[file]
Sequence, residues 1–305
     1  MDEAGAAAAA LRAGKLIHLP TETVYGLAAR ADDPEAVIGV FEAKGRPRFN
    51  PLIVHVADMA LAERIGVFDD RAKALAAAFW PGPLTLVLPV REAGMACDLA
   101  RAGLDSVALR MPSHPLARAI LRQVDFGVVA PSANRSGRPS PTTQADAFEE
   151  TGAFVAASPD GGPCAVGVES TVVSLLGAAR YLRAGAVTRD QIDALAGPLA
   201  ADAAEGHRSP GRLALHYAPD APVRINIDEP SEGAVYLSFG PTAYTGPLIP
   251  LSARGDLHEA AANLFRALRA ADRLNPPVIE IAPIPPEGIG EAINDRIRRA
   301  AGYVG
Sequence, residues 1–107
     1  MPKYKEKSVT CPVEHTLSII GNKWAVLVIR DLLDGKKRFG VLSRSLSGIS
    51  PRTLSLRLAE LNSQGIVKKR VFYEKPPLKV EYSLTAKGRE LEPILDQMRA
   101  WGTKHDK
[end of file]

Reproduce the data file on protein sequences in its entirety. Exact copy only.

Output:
Sequence, residues 1–305
     1  MDEAGAAAAA LRAGKLIHLP TETVYGLAAR ADDPEAVIGV FEAKGRPRFN
    51  PLIVHVADMA LAERIGVFDD RAKALAAAFW PGPLTLVLPV REAGMACDLA
   101  RAGLDSVALR MPSHPLARAI LRQVDFGVVA PSANRSGRPS PTTQADAFEE
   151  TGAFVAASPD GGPCAVGVES TVVSLLGAAR YLRAGAVTRD QIDALAGPLA
   201  ADAAEGHRSP GRLALHYAPD APVRINIDEP SEGAVYLSFG PTAYTGPLIP
   251  LSARGDLHEA AANLFRALRA ADRLNPPVIE IAPIPPEGIG EAINDRIRRA
   301  AGYVG
Sequence, residues 1–107
     1  MPKYKEKSVT CPVEHTLSII GNKWAVLVIR DLLDGKKRFG VLSRSLSGIS
    51  PRTLSLRLAE LNSQGIVKKR VFYEKPPLKV EYSLTAKGRE LEPILDQMRA
   101  WGTKHDK